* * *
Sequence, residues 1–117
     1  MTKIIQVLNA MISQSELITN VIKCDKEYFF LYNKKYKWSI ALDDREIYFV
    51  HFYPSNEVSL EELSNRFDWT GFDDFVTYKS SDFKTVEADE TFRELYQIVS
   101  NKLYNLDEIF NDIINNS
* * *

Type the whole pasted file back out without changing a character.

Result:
Sequence, residues 1–117
     1  MTKIIQVLNA MISQSELITN VIKCDKEYFF LYNKKYKWSI ALDDREIYFV
    51  HFYPSNEVSL EELSNRFDWT GFDDFVTYKS SDFKTVEADE TFRELYQIVS
   101  NKLYNLDEIF NDIINNS